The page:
10 Questions You Should Never Be Afraid to Ask Your Doctor

If you’re not particularly ecstatic about visiting your doctor—either because it’s time for your annual check-up or because you’re feeling under the weather—you’re certainly not alone. Not many of us enjoy the process of requesting time off of work only to sit in a cold, stiff waiting room, and plopping our behinds on an even colder examination table to get poked, prodded and grilled with questions we don’t feel like answering. But the fact is, you’re only showing up for these appointments, as uncomfortable as they may be, for your own benefit.

“Your health is a team effort, in which you, not the doctor, play the most important role, so communication is key,” Joe Alton, MD, Life Fellow of the American College of OB/GYN, says. And of the best ways to communicate with your doctor or alternative health care provider is by asking questions.

Here are 10 key questions you should never be afraid to ask your doc, ever:

What can I do to keep myself healthy?

People often think this is silly question, as patients often assume that they have no role in their health care when they most certainly do. It’s important to ask your doctor what specific preventative health measures are important to your health. This can range from losing the extra 10 pounds you have been carrying around to taking a baby aspirin to prevent heart attack or stroke. “Simply ask your doctor what you can do more or less of, or what you can add to your lifestyle to enhance your health,” Kameelah Phillips, MD, an OB/GYN in New York City, explains.

When will my sadness or anxiety end? Is it normal?   

Millions of Americans suffer from depression, anxiety and other mental illness in silence, and there’s a significant connection between mental and physical health that can be missed at your annual doctor’s visit.

“Doctors appreciate knowing if you’re suffering mentally or emotionally so we can direct you to the proper resources and help,” Dr. Phillips explains. “If you feel sad, anxious or depressed a lot of the time, to the point where it’s affecting your life and relationships, your doctor can help you figure out what may be going on medically and recommend appropriate therapists or support groups you might benefit from.”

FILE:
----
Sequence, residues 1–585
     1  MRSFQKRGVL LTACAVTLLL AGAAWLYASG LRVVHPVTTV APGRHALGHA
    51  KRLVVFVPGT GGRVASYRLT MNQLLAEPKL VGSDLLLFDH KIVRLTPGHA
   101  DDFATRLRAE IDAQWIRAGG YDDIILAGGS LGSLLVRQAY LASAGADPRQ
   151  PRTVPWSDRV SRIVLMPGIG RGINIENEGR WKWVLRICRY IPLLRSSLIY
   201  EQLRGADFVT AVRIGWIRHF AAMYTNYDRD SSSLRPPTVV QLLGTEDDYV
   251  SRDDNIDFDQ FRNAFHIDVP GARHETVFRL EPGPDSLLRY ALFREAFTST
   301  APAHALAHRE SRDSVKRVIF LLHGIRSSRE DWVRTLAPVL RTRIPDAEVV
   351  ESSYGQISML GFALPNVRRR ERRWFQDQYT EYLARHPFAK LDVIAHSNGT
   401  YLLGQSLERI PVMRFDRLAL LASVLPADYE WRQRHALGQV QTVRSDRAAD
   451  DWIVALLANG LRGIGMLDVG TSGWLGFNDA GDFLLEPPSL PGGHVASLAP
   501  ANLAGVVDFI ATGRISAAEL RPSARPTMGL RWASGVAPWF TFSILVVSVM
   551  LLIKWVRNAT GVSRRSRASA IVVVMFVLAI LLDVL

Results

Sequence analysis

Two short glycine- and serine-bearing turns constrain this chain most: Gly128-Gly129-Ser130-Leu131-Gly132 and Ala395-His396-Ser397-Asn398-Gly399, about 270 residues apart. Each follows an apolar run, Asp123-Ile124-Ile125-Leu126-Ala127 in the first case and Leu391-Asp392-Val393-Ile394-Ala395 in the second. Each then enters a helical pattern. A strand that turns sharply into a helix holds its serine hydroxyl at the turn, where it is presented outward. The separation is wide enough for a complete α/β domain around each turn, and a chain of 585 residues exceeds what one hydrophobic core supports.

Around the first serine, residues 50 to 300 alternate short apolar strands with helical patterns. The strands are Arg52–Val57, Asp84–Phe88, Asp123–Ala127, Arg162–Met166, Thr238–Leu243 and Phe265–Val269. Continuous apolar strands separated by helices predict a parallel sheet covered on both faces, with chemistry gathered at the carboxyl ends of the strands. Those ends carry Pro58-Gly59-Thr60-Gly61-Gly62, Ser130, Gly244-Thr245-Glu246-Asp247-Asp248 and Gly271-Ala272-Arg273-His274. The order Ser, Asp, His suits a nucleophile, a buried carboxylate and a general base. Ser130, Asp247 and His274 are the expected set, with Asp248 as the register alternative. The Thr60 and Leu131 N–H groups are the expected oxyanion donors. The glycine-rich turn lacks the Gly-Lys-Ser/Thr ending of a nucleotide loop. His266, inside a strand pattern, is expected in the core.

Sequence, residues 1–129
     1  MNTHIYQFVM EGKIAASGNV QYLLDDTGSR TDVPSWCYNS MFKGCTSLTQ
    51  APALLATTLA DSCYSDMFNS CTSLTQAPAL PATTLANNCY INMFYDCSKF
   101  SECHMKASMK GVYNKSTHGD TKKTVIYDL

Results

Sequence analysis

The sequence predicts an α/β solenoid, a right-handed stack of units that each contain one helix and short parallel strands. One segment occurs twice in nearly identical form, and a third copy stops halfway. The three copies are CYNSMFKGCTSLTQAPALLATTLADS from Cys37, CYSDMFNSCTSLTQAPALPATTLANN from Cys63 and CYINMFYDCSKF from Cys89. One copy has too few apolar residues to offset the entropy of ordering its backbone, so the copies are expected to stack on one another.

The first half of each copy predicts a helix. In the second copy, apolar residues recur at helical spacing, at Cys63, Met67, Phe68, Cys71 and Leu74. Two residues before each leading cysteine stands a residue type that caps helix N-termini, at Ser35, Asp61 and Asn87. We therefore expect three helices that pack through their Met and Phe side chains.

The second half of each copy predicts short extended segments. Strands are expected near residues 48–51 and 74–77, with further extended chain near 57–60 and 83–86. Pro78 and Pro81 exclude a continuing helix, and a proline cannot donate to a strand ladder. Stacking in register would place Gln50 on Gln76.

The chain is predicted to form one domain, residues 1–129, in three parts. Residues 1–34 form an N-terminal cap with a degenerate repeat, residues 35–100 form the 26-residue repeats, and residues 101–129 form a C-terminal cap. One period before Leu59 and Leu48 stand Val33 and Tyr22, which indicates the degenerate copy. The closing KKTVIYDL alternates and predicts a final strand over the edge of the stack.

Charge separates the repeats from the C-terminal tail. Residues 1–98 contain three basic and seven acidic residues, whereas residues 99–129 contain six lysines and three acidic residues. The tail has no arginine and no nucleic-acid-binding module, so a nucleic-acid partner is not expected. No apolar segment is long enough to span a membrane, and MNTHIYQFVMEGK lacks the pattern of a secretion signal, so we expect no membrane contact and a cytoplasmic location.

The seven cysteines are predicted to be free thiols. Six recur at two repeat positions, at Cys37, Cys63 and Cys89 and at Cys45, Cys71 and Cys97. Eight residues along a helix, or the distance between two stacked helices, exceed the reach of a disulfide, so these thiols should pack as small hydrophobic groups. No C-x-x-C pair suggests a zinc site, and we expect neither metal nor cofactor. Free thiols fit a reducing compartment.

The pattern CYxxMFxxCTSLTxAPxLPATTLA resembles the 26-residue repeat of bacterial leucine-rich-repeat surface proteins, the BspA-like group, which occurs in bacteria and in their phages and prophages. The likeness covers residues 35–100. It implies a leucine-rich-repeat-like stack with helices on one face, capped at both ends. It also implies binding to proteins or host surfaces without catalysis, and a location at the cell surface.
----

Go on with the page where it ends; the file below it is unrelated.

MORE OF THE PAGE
Why are you prescribing me this medicine?

Just like your schedule is overloaded, so is your doc’s. In an attempt to finish your visit and move on to her next patient, she might overlook explaining something you have every right to know—like why she chose to prescribe you a certain medication. The answer might be something simple like, “You have high cholesterol and this drug will help lower it.” But it could encourage her to bring up another medication option that you could choose between with different side effects and ingredients.

“Starting a new medicine should always be taken seriously,” Dr. Alton explains. “Doctors themselves are wary when their physician puts them on something new, so it’s perfectly reasonable for you to understand the pros and cons of any medication they’re prescribing you.”

What will this medicine do to me?

All drugs may have side effects, so you should be aware of them to help determine whether or not it’s a medication you’re comfortable taking. Sometimes, side effects are unrelated to the medicine’s primary purpose. For example, antibiotics could give you diarrhea and aspirin could cause bruising due to its blood-thinning effect. And in some cases, the side effect is a reason to use the medicine.

For example, Ritodrine, an IV asthma medicine, was found to coincidentally relax uterine muscle. As such, it was used for a time to stop premature labor. “Asking what the medication actually does in your body to achieve the desired goal will help you understand how your body works and give your physician a chance to show off his knowledge,” Dr. Alton says. It’s also a good reason to ask if the medication will interfere with other medications you might be on. Drugs can interact with each other significantly in some cases, so don’t be afraid to give full disclosure (even with recreational drugs).

Would my condition improve if I changed my diet or lifestyle?